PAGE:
Creating Your Own URL Shortener with Node.js

URL shorteners are a useful tool for making long, complex URLs shorter and easier to share. In this tutorial, we will be creating a URL shortener using JavaScript.

To create a URL shortener, we will be using Node.js and the Express framework. Node.js is a server-side JavaScript platform that allows us to run JavaScript code outside of the web browser. Express is a fast and minimalist web framework for Node.js that provides a set of features for building web applications.

Let’s jump in!

Step 1: Setup

Before we get started, we need to set up our project. To do this, create a new directory for your project and run the following command in the terminal:

npm init -y

This command will initialize a new Node.js project and create a package.json file in your project directory.

Next, we need to install the required dependencies. Run the following command in the terminal:

npm install express shortid

This command will install express and shortid, which is a library for generating unique IDs.

Step 2: Creating the server

In this step, we will create the server using Express. Create a new file called server.js in your project directory and add the following code:

const express = require('express');
const shortId = require('shortid');

const app = express();

app.listen(3000, () => {
  console.log('Server started on port 3000');
});

The code imports express and shortid, defines app, and then starts the server on port 3000, logging a message to the console to confirm that the server has started.

Step 3: Creating the URL Shortener

Now that we have set up the server, we can create the URL shortener. Add the following code to server.js:

...

const urls = {};

app.get('/shorten', (req, res) => {
  const url = req.query.url;
  const id = shortId.generate();

  urls[id] = url;

  res.send(`http://localhost:3000/${id}`);
});

app.get('/:id', (req, res) => {
  const id = req.params.id;
  const url = urls[id];

  if (url) {
    res.redirect(url);
  } else {
    res.sendStatus(404);
  }
});

...

This code imports the shortid library and creates an empty object called urls to store the original URLs and their corresponding shortened URLs.

The first route we defined handles the URL shortening.

When a GET request is made to /shorten with a url query parameter, the code generates a unique ID using the shortid library and stores the original URL in the urls object with the ID as the key. It then sends the shortened URL back to the client as a response.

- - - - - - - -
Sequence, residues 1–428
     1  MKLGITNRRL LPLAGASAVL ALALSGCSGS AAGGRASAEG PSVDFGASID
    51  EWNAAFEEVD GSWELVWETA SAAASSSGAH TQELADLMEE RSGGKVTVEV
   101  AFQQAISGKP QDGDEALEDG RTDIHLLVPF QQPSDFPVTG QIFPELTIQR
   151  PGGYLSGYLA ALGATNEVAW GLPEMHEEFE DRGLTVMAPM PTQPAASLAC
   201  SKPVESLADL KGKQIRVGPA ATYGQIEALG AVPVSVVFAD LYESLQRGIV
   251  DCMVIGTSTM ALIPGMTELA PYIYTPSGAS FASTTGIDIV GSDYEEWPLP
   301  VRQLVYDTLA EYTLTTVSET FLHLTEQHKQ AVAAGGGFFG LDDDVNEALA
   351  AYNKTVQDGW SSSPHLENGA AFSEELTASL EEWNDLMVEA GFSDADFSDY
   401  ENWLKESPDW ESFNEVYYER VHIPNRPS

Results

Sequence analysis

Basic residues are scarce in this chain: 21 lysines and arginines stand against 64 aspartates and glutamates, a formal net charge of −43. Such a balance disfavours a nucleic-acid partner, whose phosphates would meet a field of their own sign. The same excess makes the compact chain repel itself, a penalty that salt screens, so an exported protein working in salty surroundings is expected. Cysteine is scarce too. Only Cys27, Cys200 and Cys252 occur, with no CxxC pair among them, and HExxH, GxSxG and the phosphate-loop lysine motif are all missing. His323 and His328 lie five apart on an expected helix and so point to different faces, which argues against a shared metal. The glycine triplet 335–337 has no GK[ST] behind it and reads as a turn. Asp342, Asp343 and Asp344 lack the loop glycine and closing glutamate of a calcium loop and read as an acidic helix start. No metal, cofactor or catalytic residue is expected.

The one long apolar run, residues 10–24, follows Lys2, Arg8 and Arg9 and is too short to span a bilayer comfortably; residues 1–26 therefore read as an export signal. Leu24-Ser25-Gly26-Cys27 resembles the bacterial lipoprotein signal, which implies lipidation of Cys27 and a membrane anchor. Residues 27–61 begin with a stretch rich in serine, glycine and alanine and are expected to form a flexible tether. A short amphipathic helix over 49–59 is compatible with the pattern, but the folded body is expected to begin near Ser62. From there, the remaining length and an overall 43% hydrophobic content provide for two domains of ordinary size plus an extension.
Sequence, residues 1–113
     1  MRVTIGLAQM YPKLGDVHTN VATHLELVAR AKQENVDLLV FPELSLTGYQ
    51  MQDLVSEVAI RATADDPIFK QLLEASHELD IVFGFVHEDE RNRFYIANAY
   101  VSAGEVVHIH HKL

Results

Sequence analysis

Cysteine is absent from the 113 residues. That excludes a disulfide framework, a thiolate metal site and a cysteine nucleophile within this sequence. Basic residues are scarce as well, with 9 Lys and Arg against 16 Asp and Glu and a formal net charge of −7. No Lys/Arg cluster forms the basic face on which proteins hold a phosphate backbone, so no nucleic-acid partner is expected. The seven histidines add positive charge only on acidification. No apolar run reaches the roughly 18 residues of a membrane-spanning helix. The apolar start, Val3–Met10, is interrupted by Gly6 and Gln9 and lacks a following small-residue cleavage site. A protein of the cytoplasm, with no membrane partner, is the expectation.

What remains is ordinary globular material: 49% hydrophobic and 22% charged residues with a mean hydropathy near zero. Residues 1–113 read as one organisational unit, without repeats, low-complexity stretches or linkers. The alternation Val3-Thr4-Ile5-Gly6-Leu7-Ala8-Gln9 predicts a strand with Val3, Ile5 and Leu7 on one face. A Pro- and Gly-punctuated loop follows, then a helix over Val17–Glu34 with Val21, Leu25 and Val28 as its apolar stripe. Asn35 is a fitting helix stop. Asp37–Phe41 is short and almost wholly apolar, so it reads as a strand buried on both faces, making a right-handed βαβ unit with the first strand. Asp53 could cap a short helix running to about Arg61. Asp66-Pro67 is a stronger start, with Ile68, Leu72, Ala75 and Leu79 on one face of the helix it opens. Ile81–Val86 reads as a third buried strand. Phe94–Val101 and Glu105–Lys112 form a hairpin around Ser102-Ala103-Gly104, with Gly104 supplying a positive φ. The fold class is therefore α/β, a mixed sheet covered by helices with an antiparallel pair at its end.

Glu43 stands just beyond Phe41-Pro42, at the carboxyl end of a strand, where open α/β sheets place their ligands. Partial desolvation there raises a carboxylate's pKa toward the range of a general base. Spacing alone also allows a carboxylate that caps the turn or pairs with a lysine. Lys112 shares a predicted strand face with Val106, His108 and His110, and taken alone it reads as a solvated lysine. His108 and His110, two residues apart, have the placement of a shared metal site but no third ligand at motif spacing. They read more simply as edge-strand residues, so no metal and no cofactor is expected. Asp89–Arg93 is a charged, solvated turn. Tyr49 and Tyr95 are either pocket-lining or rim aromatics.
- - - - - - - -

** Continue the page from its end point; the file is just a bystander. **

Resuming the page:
The second route handles the redirection from the shortened URL to the original URL. When a GET request is made to /:id, the code retrieves the original URL from the urls object using the ID from the URL parameter. If the original URL exists, the code redirects the client to the original URL. Otherwise, it sends a 404 status code.

Step 4: Testing the URL shortener

To test the URL shortener, start the server by running the following command in the terminal:

node server.js

Open your web browser and go to http://localhost:3000/shorten?url=https://blog.javascripttoday.com. This will generate a shortened URL and display it in your browser.

You can then copy the shortened URL and paste it into your browser to test the redirection. This should redirect you to the original URL.

Complete Implementation

const express = require('express');
const shortId = require('shortid');

const app = express();

const urls = {};

app.get('/shorten', (req, res) => {
  const url = req.query.url;
  const id = shortId.generate();

  urls[id] = url;

  res.send(`http://localhost:3000/${id}`);
});

app.get('/:id', (req, res) => {
  const id = req.params.id;
  const url = urls[id];

  if (url) {
    res.redirect(url);
  } else {
    res.sendStatus(404);
  }
});


app.listen(3000, () => {
  console.log('Server started on port 3000');
});

Conclusion

In this tutorial, we have learned how to build a simple URL shortener using JavaScript and Node.js. We have covered the basics of routing, and generating unique IDs.

There are many ways to improve this URL shortener, of which we will be covering over the next few articles, where we will add error handling, a front-end, and finally, we will deploy the application.

As for the front-end, what would you like us to use (e.g. React, Vue, Angular, keep it simple with plain HTML)? Let us know in the comments!

And of course, our ebook is available at 70% off: The Impatient Programmer’s Guide to JavaScript. Thank you for the support!

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